Nebraska ends session marked by tax cuts, internet expansion

LINCOLN, Neb. (AP) — Nebraska lawmakers ended a historic session Thursday marked by major tax cuts, a grant program to expand high-speed internet service and regulations to clear the way for the state’s new casino industry.

But they left major work unfinished, most notably the once-a-decade ritual of redrawing the state’s congressional and legislative districts, which will force them to return to the Capitol later this year. The session was also shaped by the coronavirus pandemic and bitter disputes over how to use excess money in the state budget.

“This has indeed been an historic session of the Legislature, but there is still more work to do,” Republican Gov. Pete Ricketts said in his traditional end-of-session speech to lawmakers.

Lawmakers this year lowered the state's top corporate income tax rate, a change sought by business groups but fervently opposed by some lawmakers, who questioned whether it would actually help Nebraska attract and retain businesses.

 

Nebraska will also phase out taxes on Social Security income and provide a full tax exemption on military retirement pay to try to keep retirees from leaving the state. Combined with existing and new property tax initiatives, Ricketts said the state will spend more than $1.8 billion on tax-reduction measures over the next two years.

Lawmakers and Ricketts created a $20 million-a-year grant program as well to encourage internet providers to extend high-speed service to underserved areas, particularly those in rural areas.

Nebraska also has new regulations for the state’s fledgling casino industry, which voters legalized this year. The casino law will allow sports betting, except on University of Nebraska and Creighton University teams when they play in-state games.

Speaker of the Legislature Mike Hilgers said lawmakers faced numerous challenges throughout the session, including the prospect that they’d be forced to abruptly pause the session because of the coronavirus pandemic. That never happened, however, and lawmakers continued working with social distancing restrictions that made it more difficult to interact with one another and the public.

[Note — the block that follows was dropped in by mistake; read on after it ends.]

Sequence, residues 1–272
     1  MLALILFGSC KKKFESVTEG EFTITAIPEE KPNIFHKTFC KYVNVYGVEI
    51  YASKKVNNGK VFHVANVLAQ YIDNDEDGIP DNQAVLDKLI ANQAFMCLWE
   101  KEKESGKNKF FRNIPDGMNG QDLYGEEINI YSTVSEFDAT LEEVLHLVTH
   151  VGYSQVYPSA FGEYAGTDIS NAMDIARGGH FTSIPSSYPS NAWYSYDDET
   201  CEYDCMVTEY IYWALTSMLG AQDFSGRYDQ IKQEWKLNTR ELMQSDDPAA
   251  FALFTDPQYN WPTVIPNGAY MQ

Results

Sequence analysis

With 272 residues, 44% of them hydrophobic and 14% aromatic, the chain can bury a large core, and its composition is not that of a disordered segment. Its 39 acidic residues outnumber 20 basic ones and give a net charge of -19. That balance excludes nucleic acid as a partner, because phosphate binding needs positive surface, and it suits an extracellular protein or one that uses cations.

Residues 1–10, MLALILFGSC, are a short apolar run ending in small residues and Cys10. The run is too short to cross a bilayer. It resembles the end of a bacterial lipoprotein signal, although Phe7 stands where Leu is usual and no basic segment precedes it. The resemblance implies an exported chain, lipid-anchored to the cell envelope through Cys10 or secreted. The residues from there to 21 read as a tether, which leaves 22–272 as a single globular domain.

Hilgers, of Lincoln, praised lawmakers for passing a balanced budget with a relatively small 2% spending growth and for passing innovative new laws, including a measure to let banks offer cryptocurrency services. Nebraska is only the second state to do so, behind Wyoming.

He also praised the tax measures as “the most consequential series of tax cuts this Legislature has passed” in decades.

“All of these things make Nebraska more competitive and more affordable,” he said.

The session saw major coronavirus legislation pass with sweeping legal protections for businesses, schools and other organizations against pandemic-related lawsuits. Another new law will allow residents to order carry-out alcohol from restaurants and buy and shoot off larger fireworks.

Lawmakers are expected to return to the Capitol in September to approve new legislative and congressional districts, among others. The process has always been partisan even in Nebraska’s ostensibly nonpartisan Legislature, where Republicans outnumber Democrats but more moderate lawmakers often break ranks.

Share:
Comments